Graphic Novel Opens Portal to Southwest for East Coast Author

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Pictures can serve as portals into worlds we’ve never been to, and the artistically-inclined need only draw those worlds before they step inside.

When New-York based writer and illustrator Steve Sheinkin first collaborated with academic and fellow author Ilan Stavans on an online comic, the unconventionality of sharing a story was surprisingly enjoyable for the pair. They enjoyed it so much, Sheinkin said, that they soon after launched a “bigger, more ambitious” project together, comparing drafts and scenes over dozens of emails and lunch meetings.

A year-and-a-half later, El Iluminado emerged, a graphic novel that blends historical non-fiction, cinematic suspense and situational humor (Stavans himself is a character in the book, and doesn’t hesitate to poke fun at his expense) into one vividly-illustrated package.

“We didn’t really plan on it necessarily being a book,” Sheinkin said. “We just thought it would be fun to tell the story, and it just kind of gained momentum.”

Both authors are Jewish, but had very different upbringings: Sheinkin, raised on the East Coast, described his religious background as “very normal,” while Stavans grew up in Mexico City in a predominantly Jewish, Yiddish-speaking community. Sheinkin’s comic series Rabbi Harvey was what originally acquainted the two authors, and their different takes on a shared sense of heritage led them to focus on a very special faction of Jewish history in El Iluminado: the story of “crypto-Jews” in the Southwest, based in Santa Fe.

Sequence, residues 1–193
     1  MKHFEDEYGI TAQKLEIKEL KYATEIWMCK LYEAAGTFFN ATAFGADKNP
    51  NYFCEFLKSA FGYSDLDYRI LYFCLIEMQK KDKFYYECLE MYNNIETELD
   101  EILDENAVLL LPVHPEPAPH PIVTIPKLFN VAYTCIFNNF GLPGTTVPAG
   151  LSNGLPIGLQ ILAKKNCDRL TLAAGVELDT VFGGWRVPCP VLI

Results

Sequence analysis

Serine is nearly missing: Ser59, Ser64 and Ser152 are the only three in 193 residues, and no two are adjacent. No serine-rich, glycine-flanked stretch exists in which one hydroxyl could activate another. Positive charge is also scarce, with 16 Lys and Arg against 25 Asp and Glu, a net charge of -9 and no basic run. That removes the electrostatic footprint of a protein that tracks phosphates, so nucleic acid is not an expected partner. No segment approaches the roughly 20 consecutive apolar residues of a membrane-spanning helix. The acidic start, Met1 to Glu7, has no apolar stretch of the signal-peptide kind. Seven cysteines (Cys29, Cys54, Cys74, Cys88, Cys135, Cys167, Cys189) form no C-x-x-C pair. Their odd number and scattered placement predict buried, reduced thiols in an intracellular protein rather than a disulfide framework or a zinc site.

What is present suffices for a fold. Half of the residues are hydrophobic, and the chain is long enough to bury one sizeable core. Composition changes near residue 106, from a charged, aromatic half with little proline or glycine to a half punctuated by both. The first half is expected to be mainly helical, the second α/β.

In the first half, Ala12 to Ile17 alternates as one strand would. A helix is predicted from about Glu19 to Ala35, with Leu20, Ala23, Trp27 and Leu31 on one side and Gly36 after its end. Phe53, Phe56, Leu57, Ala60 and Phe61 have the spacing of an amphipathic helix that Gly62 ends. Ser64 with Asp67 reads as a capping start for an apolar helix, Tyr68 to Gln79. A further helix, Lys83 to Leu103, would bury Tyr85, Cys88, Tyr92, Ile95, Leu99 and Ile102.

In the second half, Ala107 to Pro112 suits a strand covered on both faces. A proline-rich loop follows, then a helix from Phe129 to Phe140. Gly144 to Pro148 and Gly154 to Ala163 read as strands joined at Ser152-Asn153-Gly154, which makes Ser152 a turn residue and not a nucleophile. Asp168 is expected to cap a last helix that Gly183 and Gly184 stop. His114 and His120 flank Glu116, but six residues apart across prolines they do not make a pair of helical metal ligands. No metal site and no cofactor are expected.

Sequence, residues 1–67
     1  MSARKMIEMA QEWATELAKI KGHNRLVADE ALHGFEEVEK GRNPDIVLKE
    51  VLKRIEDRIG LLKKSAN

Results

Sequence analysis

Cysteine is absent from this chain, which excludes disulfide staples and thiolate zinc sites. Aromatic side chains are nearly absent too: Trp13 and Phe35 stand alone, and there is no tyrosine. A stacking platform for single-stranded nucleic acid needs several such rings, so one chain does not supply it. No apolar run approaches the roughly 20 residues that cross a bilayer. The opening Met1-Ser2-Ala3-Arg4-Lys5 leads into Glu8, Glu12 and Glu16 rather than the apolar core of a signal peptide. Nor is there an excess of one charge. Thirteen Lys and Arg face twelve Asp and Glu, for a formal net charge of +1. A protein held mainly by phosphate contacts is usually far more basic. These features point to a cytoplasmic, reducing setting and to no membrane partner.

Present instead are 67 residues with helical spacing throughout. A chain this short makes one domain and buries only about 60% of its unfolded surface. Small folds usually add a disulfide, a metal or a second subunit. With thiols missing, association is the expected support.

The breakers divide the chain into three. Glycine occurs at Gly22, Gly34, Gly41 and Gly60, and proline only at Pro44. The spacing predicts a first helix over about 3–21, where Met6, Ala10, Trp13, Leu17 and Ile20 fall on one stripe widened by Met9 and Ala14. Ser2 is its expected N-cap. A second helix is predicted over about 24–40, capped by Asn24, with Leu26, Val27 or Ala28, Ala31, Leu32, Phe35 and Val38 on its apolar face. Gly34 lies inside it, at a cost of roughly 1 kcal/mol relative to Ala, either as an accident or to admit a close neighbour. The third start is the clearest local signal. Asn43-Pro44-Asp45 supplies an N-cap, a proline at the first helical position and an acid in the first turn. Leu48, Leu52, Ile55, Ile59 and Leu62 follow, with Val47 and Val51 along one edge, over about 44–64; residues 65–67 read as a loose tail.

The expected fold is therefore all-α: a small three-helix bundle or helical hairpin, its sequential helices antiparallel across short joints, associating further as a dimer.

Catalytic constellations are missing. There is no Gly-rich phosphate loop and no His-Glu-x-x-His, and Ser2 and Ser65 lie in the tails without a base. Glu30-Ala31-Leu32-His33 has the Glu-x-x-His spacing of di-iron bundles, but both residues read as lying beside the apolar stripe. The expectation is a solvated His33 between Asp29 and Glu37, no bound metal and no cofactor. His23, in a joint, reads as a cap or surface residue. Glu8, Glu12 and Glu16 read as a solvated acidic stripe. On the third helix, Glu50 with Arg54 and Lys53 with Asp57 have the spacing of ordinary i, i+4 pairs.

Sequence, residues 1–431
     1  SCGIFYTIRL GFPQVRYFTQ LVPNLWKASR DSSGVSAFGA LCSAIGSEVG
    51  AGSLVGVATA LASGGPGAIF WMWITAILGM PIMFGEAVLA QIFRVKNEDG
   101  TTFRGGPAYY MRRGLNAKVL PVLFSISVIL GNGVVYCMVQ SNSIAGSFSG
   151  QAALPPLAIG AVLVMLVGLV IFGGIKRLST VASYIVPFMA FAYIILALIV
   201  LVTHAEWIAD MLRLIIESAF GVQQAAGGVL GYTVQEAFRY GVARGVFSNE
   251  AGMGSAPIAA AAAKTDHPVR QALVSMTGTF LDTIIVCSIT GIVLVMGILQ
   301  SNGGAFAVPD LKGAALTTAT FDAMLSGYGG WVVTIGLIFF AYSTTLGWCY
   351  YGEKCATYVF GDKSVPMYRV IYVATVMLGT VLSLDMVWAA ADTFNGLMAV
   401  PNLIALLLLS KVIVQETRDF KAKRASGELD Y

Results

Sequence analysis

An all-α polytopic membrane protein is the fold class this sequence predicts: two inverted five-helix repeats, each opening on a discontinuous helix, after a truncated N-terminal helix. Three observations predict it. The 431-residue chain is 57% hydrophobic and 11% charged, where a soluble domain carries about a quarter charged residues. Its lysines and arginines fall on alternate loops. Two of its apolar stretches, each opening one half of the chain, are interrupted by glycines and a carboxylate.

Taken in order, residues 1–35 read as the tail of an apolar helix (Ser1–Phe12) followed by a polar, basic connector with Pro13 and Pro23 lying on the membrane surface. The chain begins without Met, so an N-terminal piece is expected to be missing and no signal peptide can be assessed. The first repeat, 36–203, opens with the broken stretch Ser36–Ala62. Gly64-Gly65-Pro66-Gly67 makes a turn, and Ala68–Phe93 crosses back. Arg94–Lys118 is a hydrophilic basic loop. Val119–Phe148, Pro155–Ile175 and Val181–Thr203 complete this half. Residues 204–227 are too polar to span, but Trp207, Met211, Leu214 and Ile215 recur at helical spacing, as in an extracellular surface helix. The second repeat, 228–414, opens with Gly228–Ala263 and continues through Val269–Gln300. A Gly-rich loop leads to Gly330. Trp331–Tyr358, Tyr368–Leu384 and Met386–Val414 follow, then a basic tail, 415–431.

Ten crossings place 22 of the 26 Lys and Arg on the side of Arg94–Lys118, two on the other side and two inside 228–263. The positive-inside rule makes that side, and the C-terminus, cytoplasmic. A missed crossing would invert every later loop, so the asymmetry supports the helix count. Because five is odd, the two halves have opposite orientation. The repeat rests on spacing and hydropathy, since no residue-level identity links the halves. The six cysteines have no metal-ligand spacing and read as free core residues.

Sheinkin had never been to the city, but was immediately stricken by the unique beauty of its architecture and culture.

“I didn’t have much of a connection, and it was fascinating to go there and see the place,” Sheinkin said. “It really looks like nothing else I’ve ever seen in this country. ...It’s just culturally different.”

This stranger-in-a-strange-land experience proved to be useful artistically: because Santa Fe is so visually distinctive and rich in history, it almost begged to be put on a page. Sheinkin, however, took no chances, taking hundreds of pictures during his visit and saving pages upon pages of source material for the novel.

“I didn’t want to make stuff up,” Sheinkin said. “I really wanted to get the color palette right, and the architecture, so that did take a lot of research.”

Stavans recently wrapped a book tour for El Iluminado, and while Sheinkin was only able to make it to one event, he was thrilled to see the positive reception to an unconventional story that caters across genre boundaries.

“It’s fun to see people’s reactions, and have this really strange combination of being kind of silly and fun, but also having a serious story and serious questions involved in it,” Sheinkin said.

Sheinkin has two new books on the verge of release: Bomb, another Southwest-centric story of the global race to make the first atomic weapon, and Lincoln’s Grave Robbers, an outrageous crime thriller that sounds like it may have beaten the writers of National Treasure 3 to the punch. He’s also discussing another potential project with Stavans, but in the meantime is thrilled to collaborate with a budding artist at home: his 6-year-old daughter.

“I never set out to teach her, she just saw me doing it so she started doing it too,” Sheinkin said. “There’s something very natural about it with kids.”

Purchase El Iluminado, a “deep mystery of epic proportions” with a Southwestern twist, here on Amazon.

El Iluminado; Ilan Stavans and Steve Sheinkin; 208 pages; Basic Books publishing

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